The evolution of a star depends mainly upon its mass. There are other factors such as metallicity that can affect a star’s evolution, but the main factor is mass. It is the mass of a star that determines its destiny. You can see these various destinies in the figure below.
Although our Sun is often portrayed as a relatively small star, it is more massive than about 90% of the stars in our galaxy. A sun-like star fuses hydrogen in its core for about 10 billion years, before becoming a red giant. It then settles down to a white dwarf star. White dwarfs that have close binary stars can capture matter from its companion to become a supernova, but our Sun will not take that path.
The vast majority of stars (about 76%) are red dwarf stars. They fuse hydrogen slowly and for a long time. The smaller of these can fuse hydrogen for more than a trillion years before becoming a white dwarf.
Stars larger than our Sun live brighter, shorter lives. The largest fuse elements for only about 10 million years before they end as a supernova, or even hypernova. The cores of some of these become black holes, but their outer layers are strewn out into the universe where material from lots of supernovae eventually collapse into stellar nurseries.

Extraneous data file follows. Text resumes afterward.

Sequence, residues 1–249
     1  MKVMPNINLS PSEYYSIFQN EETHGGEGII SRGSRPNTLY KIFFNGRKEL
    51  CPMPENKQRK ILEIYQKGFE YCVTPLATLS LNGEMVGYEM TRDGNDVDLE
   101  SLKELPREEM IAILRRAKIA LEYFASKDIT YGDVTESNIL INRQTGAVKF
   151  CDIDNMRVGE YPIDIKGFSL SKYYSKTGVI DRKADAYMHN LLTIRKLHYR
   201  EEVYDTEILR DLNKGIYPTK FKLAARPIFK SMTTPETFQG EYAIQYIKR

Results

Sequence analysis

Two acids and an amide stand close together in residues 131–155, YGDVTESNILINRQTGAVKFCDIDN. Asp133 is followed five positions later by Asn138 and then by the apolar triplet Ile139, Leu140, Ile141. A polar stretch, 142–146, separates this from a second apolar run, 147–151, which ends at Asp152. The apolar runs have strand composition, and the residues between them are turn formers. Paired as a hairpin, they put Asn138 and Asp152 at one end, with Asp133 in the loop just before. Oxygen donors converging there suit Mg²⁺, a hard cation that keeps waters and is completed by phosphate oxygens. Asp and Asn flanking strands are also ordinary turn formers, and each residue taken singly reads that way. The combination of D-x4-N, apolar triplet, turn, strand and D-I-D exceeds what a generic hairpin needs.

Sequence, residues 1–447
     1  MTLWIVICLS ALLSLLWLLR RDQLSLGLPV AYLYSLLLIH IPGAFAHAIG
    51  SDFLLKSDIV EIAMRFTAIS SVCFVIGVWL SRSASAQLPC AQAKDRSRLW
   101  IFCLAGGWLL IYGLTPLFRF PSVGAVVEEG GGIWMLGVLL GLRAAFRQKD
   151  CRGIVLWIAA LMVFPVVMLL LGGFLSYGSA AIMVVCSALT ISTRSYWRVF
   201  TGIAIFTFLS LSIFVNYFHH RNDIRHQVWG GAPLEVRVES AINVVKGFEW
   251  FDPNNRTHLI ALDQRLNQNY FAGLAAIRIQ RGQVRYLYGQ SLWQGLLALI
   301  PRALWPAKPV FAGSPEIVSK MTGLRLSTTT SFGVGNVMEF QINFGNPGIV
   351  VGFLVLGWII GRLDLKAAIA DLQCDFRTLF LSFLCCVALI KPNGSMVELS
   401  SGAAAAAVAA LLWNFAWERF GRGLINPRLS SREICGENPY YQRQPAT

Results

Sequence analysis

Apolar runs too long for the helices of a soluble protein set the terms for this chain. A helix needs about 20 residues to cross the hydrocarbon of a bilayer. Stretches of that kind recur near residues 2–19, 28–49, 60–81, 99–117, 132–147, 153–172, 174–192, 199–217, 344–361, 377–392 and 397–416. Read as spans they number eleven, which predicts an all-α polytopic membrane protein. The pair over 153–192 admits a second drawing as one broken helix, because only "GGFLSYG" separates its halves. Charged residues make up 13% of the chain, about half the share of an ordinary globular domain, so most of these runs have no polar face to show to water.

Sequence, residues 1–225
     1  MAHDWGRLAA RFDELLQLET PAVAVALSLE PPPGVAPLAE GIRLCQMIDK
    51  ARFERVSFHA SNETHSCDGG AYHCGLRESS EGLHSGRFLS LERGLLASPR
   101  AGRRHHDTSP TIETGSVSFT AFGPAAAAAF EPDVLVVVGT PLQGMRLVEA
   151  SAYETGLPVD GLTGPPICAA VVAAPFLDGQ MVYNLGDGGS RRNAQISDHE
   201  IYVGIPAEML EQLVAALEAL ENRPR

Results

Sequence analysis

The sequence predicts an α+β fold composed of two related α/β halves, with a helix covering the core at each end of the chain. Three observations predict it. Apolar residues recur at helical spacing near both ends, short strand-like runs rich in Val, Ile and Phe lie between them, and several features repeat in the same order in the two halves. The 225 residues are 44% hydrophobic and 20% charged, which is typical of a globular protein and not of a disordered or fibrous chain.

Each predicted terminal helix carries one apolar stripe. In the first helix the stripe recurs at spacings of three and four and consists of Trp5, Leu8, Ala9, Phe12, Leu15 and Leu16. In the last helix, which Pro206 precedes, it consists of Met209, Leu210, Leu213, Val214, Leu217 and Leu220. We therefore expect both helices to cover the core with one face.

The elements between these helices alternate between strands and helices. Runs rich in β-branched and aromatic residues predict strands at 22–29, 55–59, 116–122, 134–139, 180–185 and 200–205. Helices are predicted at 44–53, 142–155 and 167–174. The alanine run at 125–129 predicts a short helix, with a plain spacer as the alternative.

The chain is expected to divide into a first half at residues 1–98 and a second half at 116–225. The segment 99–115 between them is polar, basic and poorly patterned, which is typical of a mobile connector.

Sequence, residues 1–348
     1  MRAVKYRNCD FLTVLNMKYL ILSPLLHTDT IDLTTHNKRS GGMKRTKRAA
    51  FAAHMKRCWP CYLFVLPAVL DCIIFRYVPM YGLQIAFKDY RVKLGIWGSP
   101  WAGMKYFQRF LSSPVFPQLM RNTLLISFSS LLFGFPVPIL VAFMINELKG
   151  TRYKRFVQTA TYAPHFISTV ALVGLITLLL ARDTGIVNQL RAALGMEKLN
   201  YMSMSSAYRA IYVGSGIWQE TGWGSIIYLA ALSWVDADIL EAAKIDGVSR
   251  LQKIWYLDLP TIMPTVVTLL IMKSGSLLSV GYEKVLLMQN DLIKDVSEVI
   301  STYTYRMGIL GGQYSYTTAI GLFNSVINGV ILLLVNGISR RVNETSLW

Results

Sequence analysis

Since the evolution of a particular star depends upon its mass, the evolution of a galaxy or star cluster depends upon the mass distribution of the first stars formed in a galaxy or cluster. This is known as the initial mass function. In yesterday’s post I wrote about how meteroids have a power-law size distribution. For example, you might have twenty 10-meter meteoroids for every 100-meter one, and four hundred 1-meter ones. Stellar masses also follow a power-law size distribution.
It has traditionally been thought that the initial mass function for galaxies is about the same for all galaxies. In astronomer-speak, we typically say the initial mass function is universal. But a paper in Nature last year showed that there is some variation between galaxies. It seems the interaction between regular matter and dark matter makes the initial mass function critically dependent on a galaxy’s formation history.
So it seems the destiny of a star also depends upon the history of its home galaxy.